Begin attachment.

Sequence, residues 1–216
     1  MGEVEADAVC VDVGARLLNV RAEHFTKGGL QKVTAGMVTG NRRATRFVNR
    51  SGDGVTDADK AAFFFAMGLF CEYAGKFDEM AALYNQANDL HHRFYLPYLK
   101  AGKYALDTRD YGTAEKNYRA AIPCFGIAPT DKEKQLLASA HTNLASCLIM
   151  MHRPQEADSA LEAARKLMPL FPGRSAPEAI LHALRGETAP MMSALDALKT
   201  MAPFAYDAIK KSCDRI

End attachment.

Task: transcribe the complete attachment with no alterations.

Sequence, residues 1–216
     1  MGEVEADAVC VDVGARLLNV RAEHFTKGGL QKVTAGMVTG NRRATRFVNR
    51  SGDGVTDADK AAFFFAMGLF CEYAGKFDEM AALYNQANDL HHRFYLPYLK
   101  AGKYALDTRD YGTAEKNYRA AIPCFGIAPT DKEKQLLASA HTNLASCLIM
   151  MHRPQEADSA LEAARKLMPL FPGRSAPEAI LHALRGETAP MMSALDALKT
   201  MAPFAYDAIK KSCDRI